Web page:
7. Remove crust from the freezer and spoon the filling into crust.

  8. Using your hands, sprinkle the topping over the fruit. Squeeze some of the topping in your hands to create different sizes of “clumps”, large, medium and small. Crumble topping evenly over filling.

  9. Bake until the filling is bubbling and clear rather than opaque and the topping is golden brown, about 45 to 55 minutes. Cover loosely with a sheet of foil if topping browns too quickly.

  10. Transfer pie to rack and cool for at least 3 hours.

Lard or Butter Pie Dough

Makes one 9-inch pie. Double the recipe for a two crust pie.

  • 1 1/2 cups flour

  • 1/2 cup cold rendered leaf lard or unsalted butter, cold

  • 1/2 tsp. salt

  • 1 tsp. sugar (for a sweet pie, optional)

  • 1/4 cup ice cold water

  • 1 tsp. white vinegar

  1. In a small bowl, mix the water and vinegar which helps to keep the gluten from developing and makes a tender crust.

  2. Mix one cup of the flour, salt and sugar, if using, together lightly in a mixing bowl or in the bowl of a food processor.

  3. Add the lard in chunks and cut into the flour using a pastry cutter or by pulsing the food processor. The mixture should look like large crumbs and begin to cling together in clumps.

  4. Add the remaining ½ cup of flour and mix lightly or pulse the processor two or three times. Do not over mix this flour. At this point if using a food processor, remove the flour/fat mixture to a medium bowl.

  5. Sprinkle the water over the dough and with hands or a wooden spoon, mix the dough just until the dough holds together. Loosley form it into a disk, wrap in wax paper, and chill for one hour or more.


  • You can also use all butter or half butter and half lard which makes a sturdier dough for things like slab pies, tarts or hand pies.

Eggplant Caponata

 Eggplant Caponata epitomizes summer. The eggplant sops up the olive oil so use a good one. The dish is layered and made rich with salty and sweet notes. It's perfect served at room temperature as an appetizer but also delicious on burgers, over grilled meats and chicken, or layered in a sandwhich. Makes about 3-4 cups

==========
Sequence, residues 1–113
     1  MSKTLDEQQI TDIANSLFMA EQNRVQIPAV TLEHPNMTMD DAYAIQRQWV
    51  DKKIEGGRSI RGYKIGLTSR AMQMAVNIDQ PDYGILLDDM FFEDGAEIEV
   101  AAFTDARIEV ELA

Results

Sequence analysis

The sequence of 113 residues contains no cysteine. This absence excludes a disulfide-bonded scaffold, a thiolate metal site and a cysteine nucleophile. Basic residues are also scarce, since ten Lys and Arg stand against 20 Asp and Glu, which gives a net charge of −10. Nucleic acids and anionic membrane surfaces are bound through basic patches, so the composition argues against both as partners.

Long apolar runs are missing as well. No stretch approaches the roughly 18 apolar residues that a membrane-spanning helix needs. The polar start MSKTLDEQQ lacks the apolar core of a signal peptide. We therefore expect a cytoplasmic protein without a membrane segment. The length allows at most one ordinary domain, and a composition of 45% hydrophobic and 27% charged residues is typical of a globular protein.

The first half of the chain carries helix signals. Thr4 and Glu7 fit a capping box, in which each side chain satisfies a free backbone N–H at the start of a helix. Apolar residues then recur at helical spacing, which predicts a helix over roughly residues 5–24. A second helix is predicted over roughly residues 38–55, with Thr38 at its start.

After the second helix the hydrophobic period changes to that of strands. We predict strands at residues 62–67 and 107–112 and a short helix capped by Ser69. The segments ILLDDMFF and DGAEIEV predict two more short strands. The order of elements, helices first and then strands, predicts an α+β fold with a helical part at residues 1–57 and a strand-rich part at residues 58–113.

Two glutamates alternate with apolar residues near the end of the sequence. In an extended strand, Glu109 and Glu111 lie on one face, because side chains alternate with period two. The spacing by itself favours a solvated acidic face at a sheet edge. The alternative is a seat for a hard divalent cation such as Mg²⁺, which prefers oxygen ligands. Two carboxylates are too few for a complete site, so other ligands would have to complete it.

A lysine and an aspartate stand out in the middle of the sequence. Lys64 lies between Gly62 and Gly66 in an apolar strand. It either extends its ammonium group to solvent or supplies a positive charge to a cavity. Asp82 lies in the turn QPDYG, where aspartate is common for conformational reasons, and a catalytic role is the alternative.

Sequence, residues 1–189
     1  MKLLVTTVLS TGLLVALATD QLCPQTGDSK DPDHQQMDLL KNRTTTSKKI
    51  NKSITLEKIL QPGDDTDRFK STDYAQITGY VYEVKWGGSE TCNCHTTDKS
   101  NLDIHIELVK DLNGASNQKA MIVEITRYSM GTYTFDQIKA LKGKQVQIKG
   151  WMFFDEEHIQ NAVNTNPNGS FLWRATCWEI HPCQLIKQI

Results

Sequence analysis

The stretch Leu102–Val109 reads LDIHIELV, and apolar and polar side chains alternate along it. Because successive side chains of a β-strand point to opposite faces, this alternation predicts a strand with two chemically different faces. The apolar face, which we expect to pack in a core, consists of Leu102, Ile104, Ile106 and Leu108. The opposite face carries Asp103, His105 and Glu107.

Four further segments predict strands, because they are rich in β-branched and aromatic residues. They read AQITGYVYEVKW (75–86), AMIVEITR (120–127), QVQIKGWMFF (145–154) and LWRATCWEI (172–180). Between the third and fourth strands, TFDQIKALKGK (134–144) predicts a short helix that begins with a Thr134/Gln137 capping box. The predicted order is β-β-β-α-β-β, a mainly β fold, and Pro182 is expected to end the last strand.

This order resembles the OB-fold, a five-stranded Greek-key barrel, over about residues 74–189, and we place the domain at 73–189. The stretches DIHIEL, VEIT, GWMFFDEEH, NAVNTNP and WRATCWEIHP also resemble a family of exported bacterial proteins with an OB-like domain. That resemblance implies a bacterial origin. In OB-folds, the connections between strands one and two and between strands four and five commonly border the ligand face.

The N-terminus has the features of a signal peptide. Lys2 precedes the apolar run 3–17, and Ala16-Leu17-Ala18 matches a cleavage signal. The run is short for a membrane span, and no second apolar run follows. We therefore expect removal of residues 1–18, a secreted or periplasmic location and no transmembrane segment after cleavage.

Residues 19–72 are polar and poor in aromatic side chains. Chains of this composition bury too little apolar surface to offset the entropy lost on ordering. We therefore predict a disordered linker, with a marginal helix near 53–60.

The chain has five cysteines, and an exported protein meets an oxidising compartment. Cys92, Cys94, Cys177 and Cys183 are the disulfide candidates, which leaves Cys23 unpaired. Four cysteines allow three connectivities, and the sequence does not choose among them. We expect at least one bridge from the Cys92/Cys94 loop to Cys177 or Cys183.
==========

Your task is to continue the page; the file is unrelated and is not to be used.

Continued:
Eggplant Caponata epitomizes summer. The eggplant sops up the olive oil so use a good one. The dish is layered and made rich with salty and sweet notes. It's perfect served at room temperature as an appetizer but also delicious on burgers, over grilled meats and chicken, or layered in a sandwhich. Makes about 3-4 cups


  • 1 cup good quality, extra virgin olive oil, possibly more

  • 2 Lbs eggplant, cut into 1-inch cubes

  • 1 large onion, diced

  • 3 Tbls tomato paste, thinned in ¼ cup water

  • 1 cup crushed canned tomatoes

  • 6 oz. green olives, sliced or roughly chopped (stuffed olives are good too)

  • ½ cup white wine vinegar

  • ½ cup golden raisins

  • ¼ cup capers

  • 2 to 3 Tbls sugar or to taste

  • 2 Tbls finely grated unsweetened chocolate

  • ½ cup basil, sliced thinly

  • 2 to 4 Tbls pine nuts, toasted in a dry pan

  • Sea salt and freshly ground black pepper, to taste

  • Heat a heavy-bottomed skillet over medium-high heat.

To Make:

  1. Heat one third of the oil and add one third of the eggplant. Fry, tossing occasionally, until browned, 3–4 minutes.

  2. Using a slotted spoon, transfer eggplant to a large bowl; set aside.

  3. Finish the remaining eggplant in two batches using more oil if needed. Don’t be afraid to allow the eggplant to absorb the oil, it will add to the dish!

  4. Lightly salt the eggplant to taste.

  5. Reduce heat to medium and add oil if needed to the pan and sauté the onions until slightly caramelized. A pinch of sugar can help the process.

  6. Add the tomato paste - water mixture and cook, stirring, until caramelized and almost evaporated, 1–2 minutes.

  7. Add the crushed tomatoes and continue cooking for 10-15 minutes.

  8. Stir in olives, vinegar, raisins, capers, sugar, and chocolate, and simmer, stirring occasionally, until thickened, about 15 minutes.